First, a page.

Saturday, August 12, 2006

What are the chances that UN resolution 1701 will end the Israel-Lebanese-Hezbollah conflict?

The UN Security Council's unanimous adoption of Resolution 1701 yesterday calls for a "cessation of hostilities" in the war between Israel and the Hezbollah militia that has killed some one thousand Lebanese and a hundred and twenty three Israelis, and displaced more than 1 million people, in addition to the destruction of Lebanon's only international airport, as well as all its major roads, bridges and power stations, effectively cutting Lebanon off from the rest of the world.

The resolution imposes an arms embargo on the delivery of weapons or military equipment to "any entity or individual" in Lebanon excluding the Lebanese army and UN troops. However, the timing for the end of hostilities has not yet been agreed by Lebanon (making Lebanon as guilty as Israel for delaying the end to the fighting).

Resolution 1701 also authorises the deployment of 15,000 foreign troops authorised to "take all necessary action" needed to keep the peace - and this must give us hope, though it is doubtful whether foreign troops will be as dedicated at keeping the peace in a country which is not their own, as will either the Israelis or the Hezbollah in pursuing their respective aims.

Though the UN troops will apparently be joined by 15,000 Lebanese troops which Lebanon plans to send to its south, it is unlikely that these 30k together will be able to match a not-yet-disarmed Hezbollah, if that party is determined to disrupt the peace.

Which is the nub of the matter. The whole crisis was unleashed by Hezbollah's kidnapping of Israeli soldiers and, as far as I can see, Hezbollah has not said anything at all in relation to the current negotiations at the UN.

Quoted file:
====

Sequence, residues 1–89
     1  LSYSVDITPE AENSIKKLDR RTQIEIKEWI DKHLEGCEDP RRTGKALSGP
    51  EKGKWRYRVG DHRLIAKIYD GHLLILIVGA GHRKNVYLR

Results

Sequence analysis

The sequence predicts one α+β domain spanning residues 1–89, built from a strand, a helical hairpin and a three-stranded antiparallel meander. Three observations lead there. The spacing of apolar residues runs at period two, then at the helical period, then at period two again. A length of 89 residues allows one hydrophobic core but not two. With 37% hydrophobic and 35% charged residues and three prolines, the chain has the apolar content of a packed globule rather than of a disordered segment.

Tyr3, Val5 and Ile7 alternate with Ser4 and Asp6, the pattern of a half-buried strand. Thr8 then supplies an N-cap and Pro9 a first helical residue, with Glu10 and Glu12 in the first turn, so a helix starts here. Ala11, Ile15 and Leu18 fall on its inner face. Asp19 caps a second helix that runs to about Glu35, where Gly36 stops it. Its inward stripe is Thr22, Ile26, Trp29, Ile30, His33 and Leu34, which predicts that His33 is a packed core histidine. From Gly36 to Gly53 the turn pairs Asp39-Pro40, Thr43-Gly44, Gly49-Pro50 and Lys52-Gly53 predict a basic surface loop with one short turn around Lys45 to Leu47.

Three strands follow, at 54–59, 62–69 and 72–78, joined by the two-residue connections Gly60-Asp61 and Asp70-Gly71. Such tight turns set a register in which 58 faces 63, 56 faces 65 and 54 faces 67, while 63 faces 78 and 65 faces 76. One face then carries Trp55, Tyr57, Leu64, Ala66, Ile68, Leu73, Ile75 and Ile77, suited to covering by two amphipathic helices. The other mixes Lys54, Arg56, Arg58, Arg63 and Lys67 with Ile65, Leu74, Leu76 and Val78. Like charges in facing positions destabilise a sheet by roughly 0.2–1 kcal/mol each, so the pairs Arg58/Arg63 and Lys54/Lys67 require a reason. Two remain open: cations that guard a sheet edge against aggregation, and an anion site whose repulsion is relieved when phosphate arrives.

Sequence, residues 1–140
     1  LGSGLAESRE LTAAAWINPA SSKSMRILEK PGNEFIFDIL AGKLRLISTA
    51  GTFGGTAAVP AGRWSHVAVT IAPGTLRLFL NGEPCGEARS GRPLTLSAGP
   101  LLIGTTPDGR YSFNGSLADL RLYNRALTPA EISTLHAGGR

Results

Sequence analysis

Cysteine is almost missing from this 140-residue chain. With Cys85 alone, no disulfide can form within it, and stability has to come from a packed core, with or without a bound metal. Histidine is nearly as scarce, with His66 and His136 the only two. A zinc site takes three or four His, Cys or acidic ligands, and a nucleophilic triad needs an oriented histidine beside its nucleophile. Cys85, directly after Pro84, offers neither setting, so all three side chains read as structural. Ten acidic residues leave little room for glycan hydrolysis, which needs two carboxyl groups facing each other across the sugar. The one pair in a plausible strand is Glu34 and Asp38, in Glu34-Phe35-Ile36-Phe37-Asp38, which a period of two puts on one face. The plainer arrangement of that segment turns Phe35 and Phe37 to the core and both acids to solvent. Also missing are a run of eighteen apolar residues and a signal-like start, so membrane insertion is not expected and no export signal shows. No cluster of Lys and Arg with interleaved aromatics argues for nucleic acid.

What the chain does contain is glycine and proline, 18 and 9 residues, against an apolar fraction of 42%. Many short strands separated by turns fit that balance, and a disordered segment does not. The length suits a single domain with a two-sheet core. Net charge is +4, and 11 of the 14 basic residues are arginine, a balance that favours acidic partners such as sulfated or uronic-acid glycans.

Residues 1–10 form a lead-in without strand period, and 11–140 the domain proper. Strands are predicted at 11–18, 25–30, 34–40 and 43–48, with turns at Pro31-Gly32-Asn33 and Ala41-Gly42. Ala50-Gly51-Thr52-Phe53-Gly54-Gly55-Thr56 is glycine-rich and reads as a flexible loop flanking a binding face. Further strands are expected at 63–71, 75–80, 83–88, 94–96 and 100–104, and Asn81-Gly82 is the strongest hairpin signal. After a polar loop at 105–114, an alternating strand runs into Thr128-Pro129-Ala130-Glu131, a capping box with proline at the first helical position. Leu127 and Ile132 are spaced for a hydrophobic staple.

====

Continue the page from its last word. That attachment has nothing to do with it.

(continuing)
In theory, the text of the resolution is absolutely clear about the disarming of Hezbollah; in Clause OP8, the text "Calls for Israel and Lebanon to support a permanent ceasefire and a long-term solution based on the following principles and elements:
• full respect for the Blue Line by both parties,
• security arrangements to prevent the resumption of hostilities, including the establishment between the Blue Line and the Litani river of an area free of any armed personnel, assets and weapons other than those of the government of Lebanon and of UNIFIL as authorized in paragraph 11, deployed in this area,
• full implementation of the relevant provisions of the Taif Accords, and of resolutions 1559 (2004) and 1680 (2006), that require the disarmament of all armed groups in Lebanon, so that, pursuant to the Lebanese cabinet decision of July 27, 2006, there will be no weapons or authority in Lebanon other than that of the Lebanese state."

However, in the absence of Hezbollah accepting this clear and absolute requirement for disarming, I therefore doubt if peace will actually result at all from this UN resolution and the actions that follow from it - or, if peace does result, I doubt that such a peace will last long.

On the other hand, if Hezbollah does agree to be disarmed, Lebanon will have a proper government (and not merely a lame government) after a very long time - and therefore real prospects for peace - which is after all the purpose for which the Olmert government was originally, but only a short while ago, elected by the Israelis. A purpose tragically interrupted by very deliberate Hezbollah actions. Sphere: Related Content

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